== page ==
The mention of special levies is enough to worry many strata owners, but rest assured these levies are only put in place when the vast majority of owners approve the decision. So what is a special levy, when might special levies be required – and how exactly do special levies for stratas in NSW get passed?
First, what is a special levy?
If you’re living in a NSW strata property, you might already be aware of the administrative fund and the capital works fund that you contribute to through your regular strata levies.
The first, the administrative fund, covers day-to-day costs such as insurance, contractors, minor repairs and electricity expenses for common areas.
The second, the capital works fund, is for bigger planned works – things like repainting the building, or replacing the roof of the strata building.
In the case when major unexpected, unplanned or emergency expenses are necessary, here’s where a special levy might come in.
When might you need a special levy?
A special levy might be required if there isn’t enough funds in the capital works fund to cover major costs. Let’s say you have a long-term plan in place to repaint the building, and have voted at an owners corporation to have this carried out in the next year. Your owners corporation might have allocated the appropriate funds to this project, and you would have voted on the planned amount at your last Annual General Meeting (AGM).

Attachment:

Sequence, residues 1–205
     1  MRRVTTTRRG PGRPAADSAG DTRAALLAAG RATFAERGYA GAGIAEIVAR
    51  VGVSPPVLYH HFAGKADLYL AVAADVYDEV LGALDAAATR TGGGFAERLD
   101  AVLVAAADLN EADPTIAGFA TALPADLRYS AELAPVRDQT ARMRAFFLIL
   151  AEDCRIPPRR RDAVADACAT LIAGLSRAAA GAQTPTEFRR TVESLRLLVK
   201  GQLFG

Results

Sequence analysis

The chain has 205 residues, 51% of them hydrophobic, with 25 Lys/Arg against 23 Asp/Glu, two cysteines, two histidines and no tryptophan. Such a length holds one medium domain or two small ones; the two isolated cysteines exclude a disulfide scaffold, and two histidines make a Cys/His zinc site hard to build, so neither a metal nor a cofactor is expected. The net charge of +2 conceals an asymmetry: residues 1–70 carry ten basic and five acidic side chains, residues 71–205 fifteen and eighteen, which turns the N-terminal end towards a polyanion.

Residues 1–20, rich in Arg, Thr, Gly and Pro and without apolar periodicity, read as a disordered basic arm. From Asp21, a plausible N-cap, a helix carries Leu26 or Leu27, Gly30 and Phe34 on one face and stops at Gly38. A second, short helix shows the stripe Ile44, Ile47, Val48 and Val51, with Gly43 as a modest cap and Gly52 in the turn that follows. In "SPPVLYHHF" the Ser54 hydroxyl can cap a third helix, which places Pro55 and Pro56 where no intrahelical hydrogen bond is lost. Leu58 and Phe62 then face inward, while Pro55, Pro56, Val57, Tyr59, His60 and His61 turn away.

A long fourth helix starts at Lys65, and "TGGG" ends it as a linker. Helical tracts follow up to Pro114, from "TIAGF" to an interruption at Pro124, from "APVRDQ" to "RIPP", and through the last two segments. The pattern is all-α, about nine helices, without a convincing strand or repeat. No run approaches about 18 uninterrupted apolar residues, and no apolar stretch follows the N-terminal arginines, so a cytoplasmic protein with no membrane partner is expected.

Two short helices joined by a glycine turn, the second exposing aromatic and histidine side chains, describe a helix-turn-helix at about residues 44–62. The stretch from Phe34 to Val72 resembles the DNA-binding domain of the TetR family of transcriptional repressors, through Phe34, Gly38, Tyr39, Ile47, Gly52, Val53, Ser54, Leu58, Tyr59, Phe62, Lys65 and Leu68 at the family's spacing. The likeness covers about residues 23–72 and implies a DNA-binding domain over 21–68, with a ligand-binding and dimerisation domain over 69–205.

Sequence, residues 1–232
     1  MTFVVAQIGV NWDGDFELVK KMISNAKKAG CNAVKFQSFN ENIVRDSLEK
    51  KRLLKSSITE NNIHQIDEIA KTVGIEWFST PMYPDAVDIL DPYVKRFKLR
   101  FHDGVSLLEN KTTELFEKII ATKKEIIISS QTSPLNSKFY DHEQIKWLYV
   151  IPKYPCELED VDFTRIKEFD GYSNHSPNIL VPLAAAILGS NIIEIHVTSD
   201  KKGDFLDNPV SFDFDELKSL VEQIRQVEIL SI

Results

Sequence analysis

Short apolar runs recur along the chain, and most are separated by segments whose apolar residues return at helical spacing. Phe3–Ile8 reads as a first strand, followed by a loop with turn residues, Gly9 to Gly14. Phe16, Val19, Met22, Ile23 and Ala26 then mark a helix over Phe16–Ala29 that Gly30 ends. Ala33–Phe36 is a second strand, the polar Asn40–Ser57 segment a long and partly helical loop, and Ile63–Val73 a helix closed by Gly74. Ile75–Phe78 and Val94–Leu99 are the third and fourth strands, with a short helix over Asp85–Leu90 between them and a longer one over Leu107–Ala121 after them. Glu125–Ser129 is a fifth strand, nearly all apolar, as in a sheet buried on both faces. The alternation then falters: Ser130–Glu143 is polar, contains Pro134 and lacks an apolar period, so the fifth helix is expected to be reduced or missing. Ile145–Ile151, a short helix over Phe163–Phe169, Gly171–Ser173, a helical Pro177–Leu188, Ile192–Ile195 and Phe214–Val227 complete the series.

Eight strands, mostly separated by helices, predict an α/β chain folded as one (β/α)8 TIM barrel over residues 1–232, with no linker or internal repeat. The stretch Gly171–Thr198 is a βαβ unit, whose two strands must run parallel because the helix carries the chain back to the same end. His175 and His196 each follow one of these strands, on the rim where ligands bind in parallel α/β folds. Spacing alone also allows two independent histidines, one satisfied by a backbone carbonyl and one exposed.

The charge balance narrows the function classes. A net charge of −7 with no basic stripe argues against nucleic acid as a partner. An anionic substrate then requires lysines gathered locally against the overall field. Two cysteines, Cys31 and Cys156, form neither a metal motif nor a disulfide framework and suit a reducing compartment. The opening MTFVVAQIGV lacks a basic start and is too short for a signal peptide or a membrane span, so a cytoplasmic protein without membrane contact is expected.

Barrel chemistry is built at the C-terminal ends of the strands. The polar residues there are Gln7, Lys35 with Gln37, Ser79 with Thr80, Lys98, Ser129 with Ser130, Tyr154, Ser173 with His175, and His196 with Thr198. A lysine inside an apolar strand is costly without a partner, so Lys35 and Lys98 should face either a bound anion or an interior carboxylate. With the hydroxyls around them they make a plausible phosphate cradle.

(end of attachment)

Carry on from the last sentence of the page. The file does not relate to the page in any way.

Suddenly, the owners corporation is notified that they need to make some urgent upgrades to meet new fire safety regulations. If there isn’t enough in the capital works fund to cover this expense, your owners corporation might take a vote at a general meeting of the owners corporation to bring in a special levy.
The other reason that a special levy might be put in place is if your owners corporation wants to finance an upgrade in the strata community without permanently raising your strata levies. Examples could be installing a new swimming pool, or putting up a new fence.
How do special levies get passed or approved?
Rest assured that special levy rules can’t just be put in place on a whim – they need to be voted in by a special resolution at a general meeting of the owners corporation within 90 days of the notice being given, as outlined by Fair Trading NSW. This means that 75% of the owners corporation (1 vote per lot) will need to approve of the special levy for it to be put in place. Special levies are calculated according to the lot entitlement of each lot owner, so you should know how much this would cost you before you cast your vote. You can also take disputes about special levies to the NSW Civil and Administrative Tribunal.